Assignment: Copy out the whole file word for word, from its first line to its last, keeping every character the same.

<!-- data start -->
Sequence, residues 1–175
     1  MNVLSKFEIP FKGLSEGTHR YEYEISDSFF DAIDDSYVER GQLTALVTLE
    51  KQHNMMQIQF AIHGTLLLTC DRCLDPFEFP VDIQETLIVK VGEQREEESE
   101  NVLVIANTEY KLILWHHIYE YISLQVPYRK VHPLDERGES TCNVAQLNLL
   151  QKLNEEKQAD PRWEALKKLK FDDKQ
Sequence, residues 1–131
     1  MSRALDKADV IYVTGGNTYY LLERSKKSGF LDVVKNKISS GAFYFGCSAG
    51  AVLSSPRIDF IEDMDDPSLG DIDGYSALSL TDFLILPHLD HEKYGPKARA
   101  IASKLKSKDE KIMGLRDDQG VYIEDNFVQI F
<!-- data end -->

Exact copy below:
Sequence, residues 1–175
     1  MNVLSKFEIP FKGLSEGTHR YEYEISDSFF DAIDDSYVER GQLTALVTLE
    51  KQHNMMQIQF AIHGTLLLTC DRCLDPFEFP VDIQETLIVK VGEQREEESE
   101  NVLVIANTEY KLILWHHIYE YISLQVPYRK VHPLDERGES TCNVAQLNLL
   151  QKLNEEKQAD PRWEALKKLK FDDKQ
Sequence, residues 1–131
     1  MSRALDKADV IYVTGGNTYY LLERSKKSGF LDVVKNKISS GAFYFGCSAG
    51  AVLSSPRIDF IEDMDDPSLG DIDGYSALSL TDFLILPHLD HEKYGPKARA
   101  IASKLKSKDE KIMGLRDDQG VYIEDNFVQI F